’ve been to many protests, seen the good and the ugly—like the time in Ferguson, MO, when a driver ran over a female protester with his mini-van and the time, while in Cleveland, OH, when neighbors and community dwellers brought food, blankets, and gloves to distribute to every protester.……withstanding the cold temperatures to show solidarity for 12-year-old Tamir Rice (Rest In Power).
Fortunately, after many protests that I’ve participated in, I was able to safely walk away or go back home to resume my “normal” life. However, from what I’ve been hearing……happening in Columbia, not every protester shares that kind of privilege—-of being able to return home with their life.
In Columbia, the labor movement, because of intimidation, neoliberal restructuring, and other factors that I will get to later, has seen their membership drop dramatically—-4.4 percent of the national workforce today, down from 17 percent three decades ago. As the movement shrunk, teacher unions started taking its place. Teacher unions now make up about half of the membership of the Central Unions of Workers, Columbia’s main federation of unions. But these growing body of teachers, who only want to stop the commodification of their schools, like, the emphasis of standardized testing, and the narrowing of curriculum, which edges out all-important issues such as social justice and critical thinking, has been met with fierce opposition by the Columbian government.
According to Columbia’s National Union School (ENS), more than 1,000 teacher union leaders were killed between 1977 and 2014. The ENS has also documented over 14,000 incidents of violence against labor activists, ranging from assassinations, to beatings, kidnappings, and torture. Things were so bad, that when the US-Columbia free trade agreement was hatched in 2011, there was a special provision set aside to protect workers’ rights and labor movements. Provision of the Labor Action Plan, called for measures to prosecute perpetrators of anti-labor violence and increased protection for activists, including government funding for bodyguards and armed cars.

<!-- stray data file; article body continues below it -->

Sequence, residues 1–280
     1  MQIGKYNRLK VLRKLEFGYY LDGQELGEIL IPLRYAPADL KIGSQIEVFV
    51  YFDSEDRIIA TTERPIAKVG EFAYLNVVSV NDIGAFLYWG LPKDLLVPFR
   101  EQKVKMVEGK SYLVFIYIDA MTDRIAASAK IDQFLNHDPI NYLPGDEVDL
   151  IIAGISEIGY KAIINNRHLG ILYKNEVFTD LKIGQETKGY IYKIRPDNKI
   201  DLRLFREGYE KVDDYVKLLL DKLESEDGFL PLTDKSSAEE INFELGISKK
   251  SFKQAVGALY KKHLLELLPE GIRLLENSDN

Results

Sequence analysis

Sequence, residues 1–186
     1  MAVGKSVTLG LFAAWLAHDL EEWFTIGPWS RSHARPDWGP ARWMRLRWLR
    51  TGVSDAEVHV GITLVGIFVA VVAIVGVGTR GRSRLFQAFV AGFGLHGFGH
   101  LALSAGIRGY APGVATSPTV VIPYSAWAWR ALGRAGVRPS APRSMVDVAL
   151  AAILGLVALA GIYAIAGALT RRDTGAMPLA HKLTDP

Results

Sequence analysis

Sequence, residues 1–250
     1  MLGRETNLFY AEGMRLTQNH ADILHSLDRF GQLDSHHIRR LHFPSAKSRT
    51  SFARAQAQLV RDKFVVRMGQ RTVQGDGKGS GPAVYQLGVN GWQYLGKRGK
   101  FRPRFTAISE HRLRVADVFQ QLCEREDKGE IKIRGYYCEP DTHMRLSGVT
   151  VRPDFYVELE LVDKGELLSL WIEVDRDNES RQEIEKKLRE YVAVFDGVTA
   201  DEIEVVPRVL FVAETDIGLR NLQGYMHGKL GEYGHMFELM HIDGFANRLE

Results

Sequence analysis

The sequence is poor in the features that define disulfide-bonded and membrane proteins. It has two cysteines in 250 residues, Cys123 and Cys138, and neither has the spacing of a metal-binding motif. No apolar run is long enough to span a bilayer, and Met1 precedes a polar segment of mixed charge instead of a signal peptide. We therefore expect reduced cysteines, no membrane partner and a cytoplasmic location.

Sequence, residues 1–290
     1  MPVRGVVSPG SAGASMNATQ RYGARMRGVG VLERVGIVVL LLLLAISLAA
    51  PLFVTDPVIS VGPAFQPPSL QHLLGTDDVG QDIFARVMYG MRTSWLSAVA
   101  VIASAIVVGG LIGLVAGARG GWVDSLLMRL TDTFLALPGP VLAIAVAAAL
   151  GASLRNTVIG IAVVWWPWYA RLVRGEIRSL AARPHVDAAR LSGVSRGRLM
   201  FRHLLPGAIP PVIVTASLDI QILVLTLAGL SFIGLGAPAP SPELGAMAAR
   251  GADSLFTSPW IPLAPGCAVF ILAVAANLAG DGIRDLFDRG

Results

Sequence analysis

Bodyguards and armed cars to protect protesters, activists being assassinated, kidnapped and tortured…..all for what, freedom of speech? How can one continue to risk their lives over and over again for the sake of moral release, justice and for some kid to have books to read or workers to have safer working environments? Something else, perhaps, hope, must be driving these activists to commit labor suicide, like this. I, for one, would have gotten the memo the first time someone threatened my life with a phone call, email, or text message. Color me cowardly, but I know I’m not the only one who thinks like that.
Meanwhile, protesting in America is like a sporting event. There’s always food, artistry, clothing, books, memorabilia, some stranger with a boom-box, people dressing their best, and taking plenty of selfies. Protesting for my generation, has become a time to remember and share on Facebook, Instagram and Twitter. Yes, we may be enraged by Wall Street’s greed, the killings of unarmed black men by police, or, more recently, disgruntled over the fact that one candidate does not get fair coverage by the media (Bernie Sanders), but we always know, in the back of our minds, that after every outcry we can return home safely.
Such a notion—-sprout by the many protectionisms in the constitutions that guarantees the rights for people to assemble and voice their opinions—is taken for granted every time we gather for a demo.
Can you imagine, the next time you or either someone you know gathers for a protest and out of nowhere some armed vigilante hops off a motorcycle and opens fire into the crowd? Or how about being chased into some random building and then gunned down like an animal? As a Millennial protester, I know that may be hard to imagine, but in Columbia that was the faith of Hector Abad Gomez and Leonardo Betancur, two well-known human rights activists.
As a protester living in America, I have seen the good and the ugly……but nothing will ever compare to what some labor activists faces in Columbia. Sure, I’ve seen my fellow protesters arrested, pepper-sprayed, brutalized by police……but nothing will ever compare to what some labor activists faces in Columbia. I’ve heard stories of people’s rights being violated, police shooting rubber bullets, and tear gas into the crowd, being spat on, and forced to hand over their cellphones, and whatnot……but nothing will ever compare to what some labor activists faces in Columbia.
At the end of the day, all those victimized by the police or by overly-passionate vigilantes, shares the same American privilege—-being able to walk away with their lives to continue the struggle for another day. And for that, my friends, I am proud to be an American protester!